Nearshoring Opportunities

Effects of nearshoring: Years ago, manufacturing in China was cost-effective, compensating for the challenges and inconveniences of moving operations to such distant locations. Now, labor costs in Mexico are more efficient and lower than those in China. However, even if manufacturing costs in Mexico and China were the same, Mexico would be more advantageous when considering sending finished products to the US market. Companies can offer same-day or next-day deliveries upon placing an order. Shipping from Mexico is much more economical and flexible. This contrasts with shipping products from China, which is generally limited to filling 40-foot containers or paying high premiums for smaller quantities.

The proximity and ability to visit Mexican facilities as opposed to traveling to China would entail at least a full day of round-trip travel and incur higher costs and advanced planning to obtain visas. The time zone proximity also streamlines communication from the US, as Mexico is at most three hours ahead or behind, making emails and calls more efficient.

In terms of favorable trade agreements, thanks to the USMCA and Mexico's IMMEX/Maquiladora program, US companies can save on tariff rates when importing and exporting goods to and from Mexico.

These operational factors suggest that M&A activity and appetite for target companies based in Mexico should increase. At the EGADE Business School's Center for Innovation and Entrepreneurship, we are releasing this report to enhance the understanding of transactions and provide guidelines and trends that are valuable to the business sector.

Deals in Mexico

JAN 2023

  • Cemex, S.A.B. de C.V. announced the acquisition of Shtang Recycle LTD and of assets from Atlantic Minerals Limited / Buyer: Cemex, a Mexican company that produces and distributes construction materials / Targets: Assets from Atlantic Minerals Limited, produces materials for the construction industry / Shtang, provides recycling services of construction, and excavation waste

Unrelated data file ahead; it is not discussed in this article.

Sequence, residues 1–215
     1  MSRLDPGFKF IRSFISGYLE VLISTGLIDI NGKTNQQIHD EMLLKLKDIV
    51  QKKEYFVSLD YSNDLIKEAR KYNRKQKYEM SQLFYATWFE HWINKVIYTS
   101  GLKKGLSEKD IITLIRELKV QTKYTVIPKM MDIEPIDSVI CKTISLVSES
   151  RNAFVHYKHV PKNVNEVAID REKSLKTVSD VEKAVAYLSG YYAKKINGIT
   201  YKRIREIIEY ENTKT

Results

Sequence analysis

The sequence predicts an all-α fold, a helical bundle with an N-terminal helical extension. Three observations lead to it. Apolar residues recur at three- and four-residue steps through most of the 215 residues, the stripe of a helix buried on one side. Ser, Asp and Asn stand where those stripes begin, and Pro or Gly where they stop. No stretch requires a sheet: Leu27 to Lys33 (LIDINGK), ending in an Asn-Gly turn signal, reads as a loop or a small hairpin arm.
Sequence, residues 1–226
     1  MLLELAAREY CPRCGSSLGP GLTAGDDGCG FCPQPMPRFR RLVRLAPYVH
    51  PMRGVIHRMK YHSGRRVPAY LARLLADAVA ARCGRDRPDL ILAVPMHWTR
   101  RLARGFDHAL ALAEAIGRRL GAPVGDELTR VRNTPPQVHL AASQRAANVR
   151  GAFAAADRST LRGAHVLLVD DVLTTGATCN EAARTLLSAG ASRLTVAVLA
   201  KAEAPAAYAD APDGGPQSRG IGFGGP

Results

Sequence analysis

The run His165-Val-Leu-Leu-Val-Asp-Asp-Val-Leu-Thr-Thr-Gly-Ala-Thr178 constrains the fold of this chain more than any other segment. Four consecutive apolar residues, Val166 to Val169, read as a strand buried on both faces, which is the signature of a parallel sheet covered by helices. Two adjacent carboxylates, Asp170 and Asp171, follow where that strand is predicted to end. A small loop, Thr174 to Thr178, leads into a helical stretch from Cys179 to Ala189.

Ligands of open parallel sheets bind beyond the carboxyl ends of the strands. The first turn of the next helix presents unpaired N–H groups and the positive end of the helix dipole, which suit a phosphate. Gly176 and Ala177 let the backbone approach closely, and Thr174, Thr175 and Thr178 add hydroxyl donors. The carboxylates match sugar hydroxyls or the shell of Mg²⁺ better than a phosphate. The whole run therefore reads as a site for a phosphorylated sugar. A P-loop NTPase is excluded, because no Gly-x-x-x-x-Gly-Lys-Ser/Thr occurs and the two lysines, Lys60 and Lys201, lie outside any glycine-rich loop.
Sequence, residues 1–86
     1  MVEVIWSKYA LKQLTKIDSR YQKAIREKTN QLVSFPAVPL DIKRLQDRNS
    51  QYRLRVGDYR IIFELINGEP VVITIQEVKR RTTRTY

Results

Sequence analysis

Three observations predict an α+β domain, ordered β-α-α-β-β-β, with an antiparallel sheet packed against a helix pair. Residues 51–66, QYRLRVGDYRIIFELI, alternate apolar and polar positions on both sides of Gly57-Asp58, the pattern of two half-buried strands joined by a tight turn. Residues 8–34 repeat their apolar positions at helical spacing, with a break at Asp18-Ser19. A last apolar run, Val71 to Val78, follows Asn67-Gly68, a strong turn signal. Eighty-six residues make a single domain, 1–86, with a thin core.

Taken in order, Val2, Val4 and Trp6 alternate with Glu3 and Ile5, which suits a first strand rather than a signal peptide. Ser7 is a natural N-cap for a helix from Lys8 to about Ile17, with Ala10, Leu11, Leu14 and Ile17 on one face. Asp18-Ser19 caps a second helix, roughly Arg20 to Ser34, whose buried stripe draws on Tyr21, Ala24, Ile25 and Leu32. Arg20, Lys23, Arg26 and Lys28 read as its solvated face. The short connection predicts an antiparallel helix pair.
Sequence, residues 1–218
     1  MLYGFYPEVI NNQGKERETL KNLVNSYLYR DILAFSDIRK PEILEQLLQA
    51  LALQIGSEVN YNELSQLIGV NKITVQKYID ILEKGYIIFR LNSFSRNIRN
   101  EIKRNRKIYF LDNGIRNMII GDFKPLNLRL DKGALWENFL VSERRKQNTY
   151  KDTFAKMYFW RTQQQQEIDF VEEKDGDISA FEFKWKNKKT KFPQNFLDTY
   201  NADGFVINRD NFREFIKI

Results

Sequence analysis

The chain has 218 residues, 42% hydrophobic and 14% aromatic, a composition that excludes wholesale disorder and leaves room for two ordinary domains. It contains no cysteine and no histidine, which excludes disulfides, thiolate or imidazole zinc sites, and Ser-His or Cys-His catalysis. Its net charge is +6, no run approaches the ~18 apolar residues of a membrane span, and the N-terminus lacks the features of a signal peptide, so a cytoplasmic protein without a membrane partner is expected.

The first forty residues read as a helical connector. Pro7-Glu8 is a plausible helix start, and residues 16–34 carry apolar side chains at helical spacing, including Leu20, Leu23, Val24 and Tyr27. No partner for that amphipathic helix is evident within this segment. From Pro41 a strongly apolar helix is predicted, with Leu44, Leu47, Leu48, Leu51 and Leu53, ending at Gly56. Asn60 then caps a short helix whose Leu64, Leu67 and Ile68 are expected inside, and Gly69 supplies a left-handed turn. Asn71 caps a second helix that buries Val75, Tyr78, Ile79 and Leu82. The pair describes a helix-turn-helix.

• Agrofibra closed the acquisition of assets, furniture, and real estate from Gear and Rube Alimentos / Buyer: Agrofibra, Real Estate Investment Trust (FIBRA) focused on the agribusiness sector / Target: Assets, furniture, and real estate from Gear and Rube Alimentos, specialized in the production, packaging, and distribution of tomatoes
  • Grupo Bimbo, S.A.B. de C.V. announced the acquisition of S.C. Vel Pitar S.A. / Buyer: Grupo Bimbo, produces and distributes bakery products / Target: Vel Pitar, produces bakery products

FEB 2023

  • Emergent Cold LatAm closed the acquisition of Qualianz / Buyer: Emergent Cold LatAm, offers warehousing and logistics services. /
    Target: Qualianz, provides cold and dry logistics solutions
  • InterProtección announced the acquisition of Segurify / Buyer: InterProtección, operates as an insurance broker / Target: Segurify, operates as an insurance broker
  • Plerk announced the acquisition of Minu Servicios S.A.P.I. de C.V. / Buyer: Plerk, operates a digital membership employee benefits platform /
    Target: Minu Servicios, operates a benefits and compensation platform focused on financial health

MAR 2023

  • Holcim Ltd. announced the acquisition of Ferretería Indar / Buyer: Holcim, manufactures construction products / Target: Ferreteria Indar, operates as a wholesaler of hardware materials
  • Fibra Mty, S.A.P.I. de C.V. closed the acquisition of Portafolio Industrial “Zeus” / Buyer: Fibra Mty, operates as a real estate investment trust
    Target / “Zeus” Industrial portfolio, composed of 46 industrial buildings
  • Bombardier, Inc. announced the acquisition of the electrical wiring and interconnection systems business in Queretaro from Latecoere /